September 5, 2004
Based on a speech delivered at the University of Amsterdam,
Amsterdam, The Netherlands
The explorer Henry Hudson sailed into New York Harbor for the Dutch East India Company in 1609, dreaming that he would discover a Northwest Passage to connect Europe with Asia. Instead, he had moved from a commercial center of his world to an island that would become nothing less than a global phenomenon of commerce, ideas, and influence reaching farther than even the most ambitious of Hudson’s voyages.
The Amsterdam from which Hudson sailed was the most progressive and culturally diverse society in Europe. Small, but remarkably vital and adventuresome, it published half of all the world’s books over the course of the seventeenth century, and it sent expeditions to uncharted waters and lands unknown to Europeans.
Reflecting its origins, New Amsterdam would become New York, the prototype for the American experiment itself: open to immigrants, enriched by different cultures, and upwardly mobile. In his marvelous history of Dutch Manhattan, Russell Shorto reports that New Amsterdam was remarkably restless, ambitious, and polyglot. As he puts it: “It was Manhattan right from the start.” This gift of ethos and spirit from your city to mine has profoundly shaped America’s destiny.
Like our cities, our universities enjoy parallel consciousness and character. We draw our life force from our surroundings – cities that house and nurture us – cities that are deep reservoirs of intellectual and cultural talent and diversity, essential ingredients that nourish our growth and drive our dreams. We share a common institutional DNA that reflects what I call our “locational endowment” in global cities: a density and concentration of mind and matter, an entrepreneurial spirit, an embrace of complexity and an openness to the “other,” a connectedness to the world beyond our walls. Indeed, our campuses are literally without walls; in a very real sense, we are, to borrow Shorto’s words, “islands of learning at centers of the world” – both historically and in the very ways in which we live and learn.
And there is a connectedness between our universities. Together, we are founding members of the League of World Universities. For almost a decade, we have exchanged faculty and students. We share faculty appointments, summer programs and conferences. And we have scheduled for this fall a two-part debate on US-EU relations hosted by your International School and NYU’s Remarque Institute. We rightly celebrate strong, deep, broad and expanding ties that bind us.
Today I will examine the impact upon our universities – and other universities – of globalization, a phenomenon which goes beyond our relations with one another to present each of us with both challenges and opportunities. Given our shared heritage, there are ways in which this topic comes naturally to us; but the issues presented are not easy, and it will fall especially to universities like ours to lead the effort to address them.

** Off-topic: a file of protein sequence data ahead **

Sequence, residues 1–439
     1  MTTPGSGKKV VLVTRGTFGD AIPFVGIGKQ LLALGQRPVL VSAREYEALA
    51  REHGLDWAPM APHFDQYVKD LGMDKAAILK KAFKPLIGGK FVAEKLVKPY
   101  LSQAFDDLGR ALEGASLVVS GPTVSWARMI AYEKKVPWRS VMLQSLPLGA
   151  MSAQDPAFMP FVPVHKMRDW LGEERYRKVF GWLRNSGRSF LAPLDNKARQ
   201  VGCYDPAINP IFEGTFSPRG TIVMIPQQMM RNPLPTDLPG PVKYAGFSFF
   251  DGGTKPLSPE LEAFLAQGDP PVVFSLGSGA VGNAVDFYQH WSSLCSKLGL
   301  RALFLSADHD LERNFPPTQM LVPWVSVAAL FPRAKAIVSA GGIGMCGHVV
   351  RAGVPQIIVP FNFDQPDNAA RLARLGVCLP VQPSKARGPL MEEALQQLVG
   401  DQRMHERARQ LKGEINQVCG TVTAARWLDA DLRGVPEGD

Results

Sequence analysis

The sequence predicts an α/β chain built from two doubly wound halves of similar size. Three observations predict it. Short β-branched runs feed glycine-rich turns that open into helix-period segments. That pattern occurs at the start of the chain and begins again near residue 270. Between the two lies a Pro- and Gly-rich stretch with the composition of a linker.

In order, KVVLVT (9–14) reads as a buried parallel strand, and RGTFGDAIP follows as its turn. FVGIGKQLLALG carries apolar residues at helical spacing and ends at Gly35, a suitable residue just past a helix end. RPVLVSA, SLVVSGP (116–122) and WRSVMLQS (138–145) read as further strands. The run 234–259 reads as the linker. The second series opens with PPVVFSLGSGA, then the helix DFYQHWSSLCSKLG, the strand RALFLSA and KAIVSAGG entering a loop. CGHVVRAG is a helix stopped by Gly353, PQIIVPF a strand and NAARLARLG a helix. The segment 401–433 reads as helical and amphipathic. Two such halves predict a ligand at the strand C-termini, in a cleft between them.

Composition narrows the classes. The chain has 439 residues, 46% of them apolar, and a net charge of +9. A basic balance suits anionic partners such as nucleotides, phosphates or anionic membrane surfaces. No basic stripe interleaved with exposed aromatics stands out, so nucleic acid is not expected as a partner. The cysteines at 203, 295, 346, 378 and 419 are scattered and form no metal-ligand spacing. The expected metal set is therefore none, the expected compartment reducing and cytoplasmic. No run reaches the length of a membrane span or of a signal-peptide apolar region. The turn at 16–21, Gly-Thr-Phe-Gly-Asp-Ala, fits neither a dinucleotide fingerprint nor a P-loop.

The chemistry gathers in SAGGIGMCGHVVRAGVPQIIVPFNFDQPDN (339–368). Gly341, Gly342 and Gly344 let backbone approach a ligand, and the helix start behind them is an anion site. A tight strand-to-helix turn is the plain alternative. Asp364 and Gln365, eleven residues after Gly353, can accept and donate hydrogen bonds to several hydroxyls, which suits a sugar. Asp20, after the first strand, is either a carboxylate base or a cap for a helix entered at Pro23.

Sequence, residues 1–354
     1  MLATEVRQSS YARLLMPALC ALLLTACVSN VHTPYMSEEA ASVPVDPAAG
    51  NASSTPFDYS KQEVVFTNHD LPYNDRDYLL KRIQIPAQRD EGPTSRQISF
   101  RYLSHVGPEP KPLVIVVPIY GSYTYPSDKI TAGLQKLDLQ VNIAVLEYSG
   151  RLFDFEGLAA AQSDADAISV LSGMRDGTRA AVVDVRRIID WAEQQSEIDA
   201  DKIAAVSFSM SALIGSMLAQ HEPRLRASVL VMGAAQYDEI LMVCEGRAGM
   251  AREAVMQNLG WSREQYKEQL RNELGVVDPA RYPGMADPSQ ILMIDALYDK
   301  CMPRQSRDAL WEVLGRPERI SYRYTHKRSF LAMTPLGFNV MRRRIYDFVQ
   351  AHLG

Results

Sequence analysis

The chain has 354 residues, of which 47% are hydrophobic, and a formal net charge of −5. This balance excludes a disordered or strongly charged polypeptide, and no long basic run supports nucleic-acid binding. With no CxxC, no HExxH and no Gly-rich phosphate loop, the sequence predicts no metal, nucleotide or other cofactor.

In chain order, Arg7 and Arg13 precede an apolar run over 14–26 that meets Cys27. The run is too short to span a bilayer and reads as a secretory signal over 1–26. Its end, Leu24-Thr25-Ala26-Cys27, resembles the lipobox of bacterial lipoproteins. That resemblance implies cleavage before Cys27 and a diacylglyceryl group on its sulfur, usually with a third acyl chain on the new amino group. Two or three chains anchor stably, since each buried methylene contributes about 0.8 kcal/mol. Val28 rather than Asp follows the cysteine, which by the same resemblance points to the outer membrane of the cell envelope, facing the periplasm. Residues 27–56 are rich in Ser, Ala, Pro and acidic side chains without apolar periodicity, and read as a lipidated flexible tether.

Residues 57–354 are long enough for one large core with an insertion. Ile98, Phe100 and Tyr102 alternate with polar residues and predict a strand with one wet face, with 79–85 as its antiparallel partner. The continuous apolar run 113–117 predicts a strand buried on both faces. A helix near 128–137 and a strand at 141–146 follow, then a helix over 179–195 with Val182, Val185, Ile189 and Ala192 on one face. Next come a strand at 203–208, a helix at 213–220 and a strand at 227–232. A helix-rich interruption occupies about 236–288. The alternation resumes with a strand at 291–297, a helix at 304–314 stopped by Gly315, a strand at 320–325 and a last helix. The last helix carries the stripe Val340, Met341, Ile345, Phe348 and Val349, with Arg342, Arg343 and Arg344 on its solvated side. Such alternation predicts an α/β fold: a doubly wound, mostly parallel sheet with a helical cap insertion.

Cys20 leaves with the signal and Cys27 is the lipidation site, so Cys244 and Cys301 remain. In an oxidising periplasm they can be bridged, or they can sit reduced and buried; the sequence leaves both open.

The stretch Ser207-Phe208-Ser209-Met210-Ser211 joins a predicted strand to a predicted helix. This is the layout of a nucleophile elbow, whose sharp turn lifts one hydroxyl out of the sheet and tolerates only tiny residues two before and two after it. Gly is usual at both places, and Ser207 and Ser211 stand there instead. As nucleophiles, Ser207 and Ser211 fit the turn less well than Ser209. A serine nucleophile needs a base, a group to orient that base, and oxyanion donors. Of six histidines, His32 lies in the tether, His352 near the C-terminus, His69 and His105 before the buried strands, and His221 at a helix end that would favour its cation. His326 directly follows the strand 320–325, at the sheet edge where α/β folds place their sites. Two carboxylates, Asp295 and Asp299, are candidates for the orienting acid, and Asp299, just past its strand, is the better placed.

The most familiar usage of the word “globalization” describes a transformation in the world economy. More and more, commerce and communication transcend boundaries, and transactions once merely local now routinely touch multiple continents and implicate several different legal regimes. Globalization in this sense is ubiquitous, unavoidable and undeniable – impacting for good and ill the relationships of governments, markets, and the daily lives of institutions and citizens everywhere. This understanding of globalization is the simplest, the most conventional; and, it certainly is the case that, understood in this widely accepted sense, globalization is profoundly consequential and often controversial. Moreover, it is beyond dispute that the economic consequences for the modern university of interdependence and world competition will be enormous. We will be forced to adjust to marketplace competition from commercial providers, to the advent of online education, and to the explosion both of technologies and the information they deliver.
Beyond its most common meaning, globalization also refers to a deeper and even more fundamentally transformative force – embodying cultural and societal developments that touch the whole range of human experiences. Globalization does not merely require us to coordinate with those beyond our borders in ways in which we never imagined we would; it changes the nature of our borders and the structure and content of the cultures nourished and developed within them.
The penetration of American culture is but one example. There are streets and storefronts in once remote parts of the world that could be transplanted from any American suburb; and, undeniably, on many of those same streets, treasured traditions are threatened by an accelerating process of homogenization. Ironically, perhaps, even as globalization makes us ever more aware of the diversity of our cultural and social histories, it threatens the very diversity that it spotlights and celebrates.
Globalization in this broader sense is just as much a revolutionary force as is its economic counterpart; and, it has just as much catalytic potential, both positive and negative. In the years ahead, as we encounter ourselves and others as never before, we may witness the emergence of some new homogenized ethos and culture and the death of old traditions, or we might not. Connection and mutual enrichment need not destroy diversity; they can incorporate and celebrate it. Neither synthesis nor synchronization requires sameness. It is for us to find a way to channel globalization, maximizing its benefits and minimizing its costs.